Jessica Andrews and Jamar Hall are getting married Friday at Seattle's Mount Zion Baptist Church, creating an anniversary date neither could possibly forget: 11/11/11.
Jessica Andrews and Jamar Hall are getting married Friday at Seattle’s Mount Zion Baptist Church, creating an anniversary date neither could possibly forget: 11/11/11.
“His favorite number is 11,” Andrews, a classical pianist, says of Hall, who works at the Apple Store in Bellevue. Plus, “he was born February 11. I knew it would be an easy day for him to remember.”
Veterans Day and the anniversary of Washington’s statehood (in 1889) have always fallen on Nov. 11, but this year the date has a global distinction as well: It’s not just 11/11, it’s 11/11/11 — a numerical palindrome that hasn’t come around for a century and won’t occur again for another 100 years.
The date is being recognized in all kinds of ways.
- School board rebukes Bellevue football program; possible two-year ban for coach Butch Goncharoff
- This drone footage of inside Bertha’s tunnel is like something out of ‘Star Wars’
- Five veteran Seahawks whose roles could be most impacted by additions from the NFL draft
- Mayor, Chris Hansen denounce misogynistic comments over council arena vote
- Sport fishermen protesting in La Conner on Wednesday as tribal gill-net salmon fishery gets underway
Most Read Stories
While doomsday prophets are predicting the beginning of the end of life on Earth, and Hollywood is chiming in with a horror-thriller called “11-11-11” that warns “the End is Now,” New Age adherents are convinced the date will usher in a period of love. Gamblers are likely more excited than scared, considering 11 is a lucky number — blackjack players especially love it, and it’s a popular number with lottery players, too.
Across the Puget Sound area, specially planned birthday bashes and weddings are crowding calendars, at least one new business is opening because of the date, and a group of math geeks who normally meet monthly on a Tuesday couldn’t pass up the chance to gather instead on 11/11/11.
In Bellevue, Your Local Market, a new organic grocery, is opening at 11:11 a.m.
“How cool is that?” said Jason Brown, store founder. “How more unique of a moment could it be? Sure, people are getting married, but this is our first grocery store and we’re as excited as could be.”
“And it’s nice to do something on Veterans Day,” he added.
Seattle residents Tiffany Kane and Kyle Penton chose the day to get married.
The wedding, in Newport Beach, Calif., where Kane grew up, has luck as its theme — with everything from lucky pennies scattered on the floor, to lottery tickets under every seat to horseshoes hanging from the chairs.
The first wedding song? “Lucky in Love.”
“We are superstitious and have always made wishes at 11:11 a.m. and p.m.,” said Kane. “The more research we did on 11/11, we knew it was the perfect date for us, plus it is a hard date to forget your wedding anniversary.”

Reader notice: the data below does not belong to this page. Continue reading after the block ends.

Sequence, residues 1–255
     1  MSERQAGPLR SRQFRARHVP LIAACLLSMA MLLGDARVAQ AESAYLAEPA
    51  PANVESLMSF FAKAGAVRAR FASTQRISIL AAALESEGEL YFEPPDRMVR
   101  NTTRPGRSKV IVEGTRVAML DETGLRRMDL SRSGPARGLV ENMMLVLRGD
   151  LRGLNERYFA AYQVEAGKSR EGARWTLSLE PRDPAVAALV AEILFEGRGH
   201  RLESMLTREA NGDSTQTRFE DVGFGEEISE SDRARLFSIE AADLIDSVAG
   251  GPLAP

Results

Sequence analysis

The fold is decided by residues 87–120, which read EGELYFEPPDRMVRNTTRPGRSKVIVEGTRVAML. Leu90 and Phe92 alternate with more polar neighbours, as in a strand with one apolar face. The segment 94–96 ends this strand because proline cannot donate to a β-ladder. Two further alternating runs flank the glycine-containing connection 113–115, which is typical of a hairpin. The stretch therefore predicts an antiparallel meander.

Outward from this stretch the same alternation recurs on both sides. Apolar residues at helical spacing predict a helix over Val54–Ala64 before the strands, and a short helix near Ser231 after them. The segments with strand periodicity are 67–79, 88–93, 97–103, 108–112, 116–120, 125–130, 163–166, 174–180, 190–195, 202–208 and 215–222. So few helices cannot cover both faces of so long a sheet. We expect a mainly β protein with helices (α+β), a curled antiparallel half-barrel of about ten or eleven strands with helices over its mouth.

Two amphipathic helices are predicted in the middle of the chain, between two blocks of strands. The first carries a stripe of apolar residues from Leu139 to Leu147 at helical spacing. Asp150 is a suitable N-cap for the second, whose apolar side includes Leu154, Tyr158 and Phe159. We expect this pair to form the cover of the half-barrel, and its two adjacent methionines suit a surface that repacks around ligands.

Catherine Gerlach and Andy Boyer, of Seattle, are getting married Friday at Union Station, where members of the old Seattle Sonics crowd will be in attendance.
Former guard Desmond Mason will officiate, and Monique Payton, wife of former All-Star Gary Payton, is a bridesmaid.
“It will be a fun, fun day,” said Gerlach. “The fact it’s 11/11 is phenomenal.”
Anita Conrad, of Kirkland, is hoping her first child, a son, will be born Friday. She didn’t plan her pregnancy around this magical day, so “if it happens it will be a fluke,” she said. “But it will be really cool and will be easy to remember his birthday,” she said, adding: “I’m just hoping for a happy, healthy baby.”
Vince Stricherz, of West Seattle, is celebrating his 59th birthday Friday with an open house that starts at 11:11 a.m. and goes to 11:11 p.m.
“This is a once-in-a-lifetime sort of thing,” said Stricherz, who works in the news office at the University of Washington. He plans to start his party with “elevenses,” a British snack similar to afternoon tea, but eaten in the morning, around 11 a.m.
Stricherz said he’s not superstitious, but just wants to celebrate his special palindromic day. “You turn it upside down, inside out, no matter what you do it still comes out 11/11/11.”
Additional note: It doesn’t matter if you express the date in the order of month, day, year, as is done in America, or day, month, year, as is done in Europe. It’s still 11/11/11.
In Everett, a group of former math teachers from around Puget Sound called ROMMEO — Retired Old Mathematics Men Eating Out — rescheduled their monthly lunch get-together from a Tuesday to 11/11/11. They’re meeting at 11:11 a.m. and hoping 11 members will show up.
“Friday will be our 187th meeting,” said co-founder Dennis Anderson. “Did you notice that if you subtract the 7 from the 8 you have 11?”
“OK, so we can be geeky,” he conceded. “Numbers and their interesting patterns and combinations always intrigue us math types.”
Susan Gilmore: 206-464-2054 or firstname.lastname@example.org